Legally speaking, you have to inform the seller of various things as early as the advertisement for a property for sale: the EPC certificate, the urban development destination, whether or not there are any permits for urban development activities, whether or not a writ of summons or a court order has been issued for the property, whether or not there is a right of first refusal, whether or not a subdivision permit applies, whether or not there is any soil pollution, and whether or not the property is located in a flood plain.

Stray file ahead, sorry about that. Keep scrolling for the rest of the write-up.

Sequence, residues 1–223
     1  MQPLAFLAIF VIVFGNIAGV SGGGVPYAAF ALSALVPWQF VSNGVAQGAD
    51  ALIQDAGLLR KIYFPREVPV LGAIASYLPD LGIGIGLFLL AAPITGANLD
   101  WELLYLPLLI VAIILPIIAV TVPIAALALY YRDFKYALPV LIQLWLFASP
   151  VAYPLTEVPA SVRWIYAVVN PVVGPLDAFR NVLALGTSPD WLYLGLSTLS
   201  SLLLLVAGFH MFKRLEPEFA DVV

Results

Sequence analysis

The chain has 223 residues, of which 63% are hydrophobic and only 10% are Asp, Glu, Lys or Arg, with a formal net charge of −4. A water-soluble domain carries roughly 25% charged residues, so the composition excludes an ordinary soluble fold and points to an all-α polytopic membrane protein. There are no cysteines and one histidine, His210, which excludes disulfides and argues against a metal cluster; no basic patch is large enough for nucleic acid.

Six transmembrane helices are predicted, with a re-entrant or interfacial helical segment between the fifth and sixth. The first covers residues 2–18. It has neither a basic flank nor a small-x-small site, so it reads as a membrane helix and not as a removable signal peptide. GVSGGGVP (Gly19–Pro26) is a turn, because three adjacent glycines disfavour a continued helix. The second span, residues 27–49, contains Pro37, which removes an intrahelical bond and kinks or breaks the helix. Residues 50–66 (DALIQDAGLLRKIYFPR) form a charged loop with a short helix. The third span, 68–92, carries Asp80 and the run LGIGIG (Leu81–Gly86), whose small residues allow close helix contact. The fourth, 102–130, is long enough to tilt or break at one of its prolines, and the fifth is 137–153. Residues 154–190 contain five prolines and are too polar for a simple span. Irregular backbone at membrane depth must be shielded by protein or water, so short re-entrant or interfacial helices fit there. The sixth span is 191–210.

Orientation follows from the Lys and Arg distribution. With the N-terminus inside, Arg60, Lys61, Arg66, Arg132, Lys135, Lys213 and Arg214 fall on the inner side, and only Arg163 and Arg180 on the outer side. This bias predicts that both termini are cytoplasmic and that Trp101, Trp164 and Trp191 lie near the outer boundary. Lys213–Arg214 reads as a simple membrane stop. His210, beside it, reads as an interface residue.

In addition, it is also important that you inform a prospective buyer of any serious defects in the property that he may not be able to see simply on a visit. The fact that there was once a leak because of a problem with the roof that has been fixed, for example, is not important. But if you know that there is, for example, a house fungus, and you don't report it or you camouflage a defect like this, you are making a big mistake. Our principle is, let us know everything you would want to know yourself if you were the buyer. Not down to the smallest details, but everything you think is important. It is also important that the buyers feel comfortable in their new home and don't have any unpleasant surprises.